Introduction to GBA+

It’s time to bust some myths

Now that you know the difference between equality and equity and you have seen a glimpse of GBA+, let’s answer a few of the questions we often hear.

“Hasn’t gender equality been achieved in Canada?”

Myth: Women and men are already equal in Canada, so GBA+ is not needed.

While many advances have been made, significant equality gaps remain. Today, even women in Canada who work full-time earn on average only 87 cents to every dollar earned by men (Statistics Canada, 2017). Women are also more often the victims of domestic and sexual violence. They also continue to be under-represented in leadership and executive positions, occupying just 23% of board positions in Canada’s top 500 corporations (Canadian Board Diversity Council 2017 Report Card). The gap is even larger for women with particular intersecting identify factors, such as transwomen and women with a disability.

Gender equality benefits everyone in a society, and GBA+ can improve the situations of women, men and non-binary people. For example, in the same way that women were left out of heart disease research because it was seen as a “man’s disease,” men have historically been overlooked in osteoporosis research. While osteoporosis is often considered a disease of post-menopausal women, men actually account for nearly a third of osteoporosis-related hip fractures.

“Isn’t GBA+ all about women? What about men? What about culture, race and ethnicity?”

Myth: GBA+ only applies to women and women’s issues – it is advocacy for women.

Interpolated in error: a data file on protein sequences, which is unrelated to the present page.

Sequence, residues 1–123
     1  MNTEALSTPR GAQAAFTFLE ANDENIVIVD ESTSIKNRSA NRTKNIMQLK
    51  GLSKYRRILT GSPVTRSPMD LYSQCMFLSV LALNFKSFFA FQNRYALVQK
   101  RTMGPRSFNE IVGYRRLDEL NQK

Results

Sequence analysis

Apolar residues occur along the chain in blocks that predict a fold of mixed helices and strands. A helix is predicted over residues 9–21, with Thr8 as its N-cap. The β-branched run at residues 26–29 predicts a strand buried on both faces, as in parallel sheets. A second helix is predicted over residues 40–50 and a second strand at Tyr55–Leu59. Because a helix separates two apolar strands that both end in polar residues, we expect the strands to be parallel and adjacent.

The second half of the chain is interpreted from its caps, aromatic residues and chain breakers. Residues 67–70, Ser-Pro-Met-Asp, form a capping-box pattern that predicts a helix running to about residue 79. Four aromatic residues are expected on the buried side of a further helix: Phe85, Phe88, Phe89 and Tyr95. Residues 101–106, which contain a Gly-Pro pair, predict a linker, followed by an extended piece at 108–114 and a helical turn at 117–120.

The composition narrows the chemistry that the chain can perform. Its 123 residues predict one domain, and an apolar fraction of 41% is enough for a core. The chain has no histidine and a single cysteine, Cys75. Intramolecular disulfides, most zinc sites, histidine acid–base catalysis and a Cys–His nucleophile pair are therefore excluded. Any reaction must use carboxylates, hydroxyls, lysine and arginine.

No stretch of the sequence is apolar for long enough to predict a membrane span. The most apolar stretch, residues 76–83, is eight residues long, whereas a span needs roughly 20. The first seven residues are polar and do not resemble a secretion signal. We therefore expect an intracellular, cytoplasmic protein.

GBA+ is not advocacy. It is an analytical tool designed to help us ask questions, challenge assumptions and identify potential impacts, taking into account the diversity of Canadians.

In addition to sex and gender, GBA+ considers all identity factors, such as race, ethnicity, religion, age and mental and physical disability. Once an issue has undergone the GBA+ process, gender may emerge as the most important factor, while in other cases it might be any or a combination of factors that influence a person’s experience of a government policy, program or initiative.

Your department’s mandate could also impact your entry point for GBA+. You might begin with ethnicity, or with (dis)ability. Regardless of entry point, however, every human cell has a sex and every person is gendered, and sex and gender must not be neglected in your analysis.

“I work in an operational department. I don’t need to know about GBA+.”

Myth: GBA+ only applies to the “social” sectors.

All government policies and programs affect people. While gender and diversity issues may be more obvious in some areas, such as education and health, and less obvious in others, such as natural resources and defence, this does not necessarily mean that gender is not relevant. GBA+ can and has been used in all federal sectors and domains. For example, using GBA+ to assess large-scale procurement projects can help to ensure that equipment and products meet diverse needs. It can also help to ensure that strong hiring strategies are implemented within the public service to ensure workplace diversity.

Later in the course we will examine how it is applied across social, economic, public safety and scientific sectors.